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A vaccine doesn’t mean troubles are over. Take a look

The light at the tunnel is coming, but the tunnel might be a bit longer than everyone thinks

SHARE A vaccine doesn’t mean troubles are over. Take a look

A pedestrian wearing a mask walks past a sign advising that COVID-19 vaccines are not available yet at a Walgreen’s pharmacy store during the coronavirus outbreak in San Francisco, Wednesday, Dec. 2, 2020.

Jeff Chiu, Associated Press

The oil industry may be a bellwether for the emotions of average Americans in the coming months.

When at least two successful vaccines were announced in November, oil prices jumped. But then they quickly fell again as the everyday realities of the pandemic intruded on the optimism and brought investors back to earth.

Prepare for similar roller coasters ahead.

Writing in Foreign Affairs on Wednesday, two officials with the Kaiser Family Foundation outlined some of the pitfalls that await. These include deciding how to distribute vaccines; educating people to the fact that the vaccines set for approval require two doses, spread out over three or four weeks, to be effective; overcoming public skepticism about vaccines in general; and a global distribution system that is likely to favor wealthy nations over the poor.

“To eliminate the risk of future outbreaks, as much as 70% of the world’s population will need to be immune to the coronavirus — through vaccination or infection and recovery,” wrote Josh Michaud, Kaiser’s association director for global health policy, and Jen Kates, its senior vice president and director of global health & HIV policy. “Achieving this will take an astonishing feat of global cooperation, one that may prove more difficult and take much longer than most people realize.”

So far, only about 10% of the world’s population has had COVID-19, they write, adding that most of those infections have been focused in a few countries. This “leaves an extraordinarily high target for global vaccination efforts.”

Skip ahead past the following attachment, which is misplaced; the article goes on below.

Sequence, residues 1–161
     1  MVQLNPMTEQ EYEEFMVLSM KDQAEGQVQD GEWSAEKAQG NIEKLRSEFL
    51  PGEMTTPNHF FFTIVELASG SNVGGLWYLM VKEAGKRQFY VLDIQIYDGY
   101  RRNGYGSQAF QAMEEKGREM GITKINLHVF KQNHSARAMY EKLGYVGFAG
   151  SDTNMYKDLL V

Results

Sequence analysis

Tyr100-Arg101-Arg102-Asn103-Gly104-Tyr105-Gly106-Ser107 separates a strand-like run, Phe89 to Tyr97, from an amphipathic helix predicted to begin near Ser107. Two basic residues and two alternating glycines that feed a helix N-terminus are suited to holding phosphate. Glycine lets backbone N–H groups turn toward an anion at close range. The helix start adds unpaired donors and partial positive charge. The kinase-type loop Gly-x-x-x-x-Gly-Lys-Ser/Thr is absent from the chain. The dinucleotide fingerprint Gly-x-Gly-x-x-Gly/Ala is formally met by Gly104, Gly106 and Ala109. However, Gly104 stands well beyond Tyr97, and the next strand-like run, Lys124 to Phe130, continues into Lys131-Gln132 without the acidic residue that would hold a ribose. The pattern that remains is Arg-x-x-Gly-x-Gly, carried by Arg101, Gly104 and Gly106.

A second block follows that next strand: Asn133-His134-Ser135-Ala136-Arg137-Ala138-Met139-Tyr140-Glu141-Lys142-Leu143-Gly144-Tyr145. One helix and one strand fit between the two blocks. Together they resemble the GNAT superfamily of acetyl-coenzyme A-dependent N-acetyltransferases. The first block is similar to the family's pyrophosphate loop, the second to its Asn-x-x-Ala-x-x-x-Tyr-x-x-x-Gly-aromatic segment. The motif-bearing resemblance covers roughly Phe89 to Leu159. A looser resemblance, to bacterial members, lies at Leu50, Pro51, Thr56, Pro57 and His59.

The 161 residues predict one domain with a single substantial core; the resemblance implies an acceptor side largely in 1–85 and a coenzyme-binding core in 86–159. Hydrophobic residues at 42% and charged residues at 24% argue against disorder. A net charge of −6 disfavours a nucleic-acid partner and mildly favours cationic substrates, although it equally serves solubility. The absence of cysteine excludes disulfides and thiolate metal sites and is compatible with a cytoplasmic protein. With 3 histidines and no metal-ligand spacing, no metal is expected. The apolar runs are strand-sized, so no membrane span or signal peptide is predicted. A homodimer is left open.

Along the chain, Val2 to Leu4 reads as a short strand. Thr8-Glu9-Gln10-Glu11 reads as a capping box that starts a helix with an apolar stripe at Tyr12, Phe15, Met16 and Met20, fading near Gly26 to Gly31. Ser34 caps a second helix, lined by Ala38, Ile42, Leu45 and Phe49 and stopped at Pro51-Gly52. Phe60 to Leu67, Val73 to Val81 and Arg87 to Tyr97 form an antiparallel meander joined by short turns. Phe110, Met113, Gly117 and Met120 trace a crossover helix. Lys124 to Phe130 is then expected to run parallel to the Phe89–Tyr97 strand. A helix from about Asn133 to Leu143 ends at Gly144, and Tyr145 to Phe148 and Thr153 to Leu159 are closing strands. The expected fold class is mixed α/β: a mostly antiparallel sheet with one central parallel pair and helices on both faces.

None of this means you should feel bad about having experienced a surge of optimism in recent days as word came that Britain had approved Pfizer’s version of the vaccine for general use. The United States likely won’t be far behind, with the Food and Drug Administration set to meet Dec. 10 on the Pfizer vaccine and Dec. 17 on one by Moderna

This is indeed the light at the end of a long tunnel — the thing that allows us eventually to get back to life as it was before mid-March, and that finally lets us see how much of the new normal (working from home, shopping mostly online, etc.) is permanent, and how much was just a temporary adjustment.

It’s just that the tunnel might be a bit longer than everyone thinks.

How will people react when they realize they need two shots, instead of one? How will they react when they’re told to continue wearing a mask and socially distancing until they get that second shot four weeks later? Or maybe more importantly, will people get a shot at all? 

A Gallup poll taken last month found 58% of Americans saying they would take the vaccine, which was up from 50% in September, but down from 66% in July. Those who are 45 and older apparently are the least likely to get one.

Dr. Mallika Marshalla, a journalist and physician with a CBS television station in Boston said health care professionals are worried about keeping track of people who need a second shot. “Will doctor’s offices be able to track down those patients who still need to return?” she wrote. “What if someone goes to one pharmacy for the first shot but tries to go to another for the second? Or what if someone moves away between shots?”

Or what if people experience mild symptoms associated with the first shot — low-grade fever and discomfort — and decide not to come back?

“Once it becomes clear that a vaccine won’t mean immediate deliverance from the crisis, there is a risk that popular disillusionment could set it,” Michaud and Kates wrote for Foreign Affairs. This, they said, could deepen “the creeping skepticism of vaccines in parts of the world and (add) to the already formidable challenge of immunizing more than half the global population.”

This dismal view of the coming months doesn’t have to become a reality. But anyone who has seen how disinformation spreads on the internet knows some of these worries sound plausible.

This means political leaders, both in Washington and in states, need to wage clear and credible campaigns to educate people and keep them on track. It means they need to oversee distribution plans that are carefully planned, clear and precise, and equitable, making sure the homeless get just as easy access as the wealthiest people.

That could be a challenge at a time when many of these governments are transitioning between leaders, sometimes from different parties. But if we want this long ordeal to finally end — if we want oil investors and all sectors of the economy to begin rebounding with a lasting confidence — it has to happen.